Barn Club

Barn. Club. 'A joyful reminder of why nature, being outside, being together and creating beauty is so good for the soul.' —Kate Humble, broadcaster and author of A Year of Living Simply 'For the reader who wishes to resist the gathering ...

Barn Club

“In today’s ego-techno-centred world, Robert Somerville’s . . . Barn Club approach is a way forward that utilizes local traditions, local materials, and local hands to create a built environment that is more harmonious with the natural world and of course more beautiful.”—Jack A. Sobon, architect, timber framer, and author of Hand Hewn “Somerville knows more about wooden barn construction than almost anyone alive.”—The Telegraph Natural history meets traditional hand craft in this celebration of the elm tree and community spirit. When renowned craftsman Robert Somerville moved to Hertfordshire in southern England, he discovered an unexpected landscape rich with wildlife and elm trees. Nestled within London’s commuter belt, this wooded farmland inspired Somerville, a lifelong woodworker, to revive the ancient tradition of hand-raising barns. Barn Club follows the building of Carley Barn over the course of one year. Volunteers from all walks of life joined Barn Club, inspired to learn this ancient skill of building elm barns by hand, at its own quiet pace and in the company of others, while using timber from the local woods. The tale of the elm tree in its landscape is central to Barn Club. Its natural history, historic importance, and remarkable survival make for a fascinating story. This is a tale of forgotten trees, a local landscape, and an ancient craft. This book includes sixteen pages of color photographs, and black and white line drawings of techniques and traditional timber frame barns feature throughout. Perfect for fans of Norwegian Wood and The Hidden Life of Trees.

More Books:

Barn Club
Language: en
Pages: 288
Authors: Robert Somerville
Categories: Crafts & Hobbies
Type: BOOK - Published: 2021-03-17 - Publisher: Chelsea Green Publishing

“In today’s ego-techno-centred world, Robert Somerville’s . . . Barn Club approach is a way forward that utilizes local traditions, local materials, and local hands to create a built environment that is more harmonious with the natural world and of course more beautiful.”—Jack A. Sobon, architect, timber framer, and author
Dayton
Language: en
Pages: 127
Authors: Curt Dalton
Categories: History
Type: BOOK - Published: 2006 - Publisher: Arcadia Publishing

The rise and near destruction of Dayton in the early 20th century is chronicled in this visual postcard history. The postcards showcase some of the city's unique commercial buildings, hotels, churches, and residences, many now long gone due to urban renewal and highway construction in the 1960s and 1970s. Landmarks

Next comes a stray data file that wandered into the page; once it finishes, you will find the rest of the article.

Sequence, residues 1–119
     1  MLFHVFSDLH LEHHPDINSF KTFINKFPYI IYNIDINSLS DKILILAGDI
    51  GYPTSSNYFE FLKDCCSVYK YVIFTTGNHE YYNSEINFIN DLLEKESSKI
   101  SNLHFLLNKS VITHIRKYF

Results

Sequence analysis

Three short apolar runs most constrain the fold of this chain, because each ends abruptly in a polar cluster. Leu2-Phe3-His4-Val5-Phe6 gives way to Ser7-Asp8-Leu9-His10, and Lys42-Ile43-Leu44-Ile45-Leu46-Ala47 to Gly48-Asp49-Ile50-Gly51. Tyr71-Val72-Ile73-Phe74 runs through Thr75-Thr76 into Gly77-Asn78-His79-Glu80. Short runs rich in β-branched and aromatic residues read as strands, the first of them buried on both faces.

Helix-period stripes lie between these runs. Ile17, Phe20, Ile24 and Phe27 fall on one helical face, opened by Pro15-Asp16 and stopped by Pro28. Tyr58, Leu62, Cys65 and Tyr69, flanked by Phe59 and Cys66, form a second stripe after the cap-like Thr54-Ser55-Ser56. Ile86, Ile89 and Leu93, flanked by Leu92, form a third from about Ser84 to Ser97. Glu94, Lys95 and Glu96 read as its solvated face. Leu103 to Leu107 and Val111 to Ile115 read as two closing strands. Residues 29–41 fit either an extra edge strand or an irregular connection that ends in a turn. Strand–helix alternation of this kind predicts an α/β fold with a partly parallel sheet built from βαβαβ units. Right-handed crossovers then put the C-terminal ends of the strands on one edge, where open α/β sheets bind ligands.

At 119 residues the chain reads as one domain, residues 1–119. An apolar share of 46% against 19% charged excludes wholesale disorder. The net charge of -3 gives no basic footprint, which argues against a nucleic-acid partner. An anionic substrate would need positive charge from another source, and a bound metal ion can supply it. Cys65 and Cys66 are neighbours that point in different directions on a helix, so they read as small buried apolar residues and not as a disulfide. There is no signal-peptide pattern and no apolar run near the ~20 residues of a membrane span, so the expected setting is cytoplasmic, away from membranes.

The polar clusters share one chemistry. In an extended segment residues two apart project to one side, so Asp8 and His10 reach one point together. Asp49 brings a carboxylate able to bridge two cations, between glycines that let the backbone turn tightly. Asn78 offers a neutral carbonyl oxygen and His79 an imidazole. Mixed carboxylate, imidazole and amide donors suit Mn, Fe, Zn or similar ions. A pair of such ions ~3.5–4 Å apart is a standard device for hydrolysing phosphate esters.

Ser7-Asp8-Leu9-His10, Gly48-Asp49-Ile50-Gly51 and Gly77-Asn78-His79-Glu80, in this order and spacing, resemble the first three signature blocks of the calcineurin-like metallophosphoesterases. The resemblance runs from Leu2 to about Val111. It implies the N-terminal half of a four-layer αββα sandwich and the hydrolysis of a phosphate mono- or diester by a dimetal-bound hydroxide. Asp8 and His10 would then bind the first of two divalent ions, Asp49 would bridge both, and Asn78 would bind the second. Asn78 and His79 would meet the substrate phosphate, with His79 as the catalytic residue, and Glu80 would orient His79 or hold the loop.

The Casino and Society in Britain
Language: en
Pages: 226
Authors: Seamus Murphy
Categories: History
Type: BOOK - Published: 2020-11-24 - Publisher: Routledge

This book is a study of the British casino industry and how it has been shaped by criminality, prohibition, regulation and liberalization since the beginning of the First World War. The reader will gain a detailed knowledge of the history, culture, identity and participants within the British casino industry, which
The Roadhouse Comes to Britain
Language: en
Pages: 192
Authors: David W. Gutzke, Michael John Law
Categories: History
Type: BOOK - Published: 2017-04-20 - Publisher: Bloomsbury Publishing

This is the first book to examine the cultural phenomenon of the roadhouse in mid 20th-century Britain and its impact on British leisure. The term 'roadhouse' was used in varied ways in the 1930s, from small roadside tearooms to enormous establishments on the outskirts of major cities. These roadhouses were
Crusaders, Gangsters, and Whiskey
Language: en
Pages: 312
Authors: Patrick O’Daniel
Categories: History
Type: BOOK - Published: 2018-11-26 - Publisher: Univ. Press of Mississippi

Prohibition, with all its crime, corruption, and cultural upheaval, ran its course after thirteen years in most of the rest of the country—but not in Memphis, where it lasted thirty years. Patrick O’Daniel takes a fresh look at those responsible for the rise and fall of Prohibition, its effect on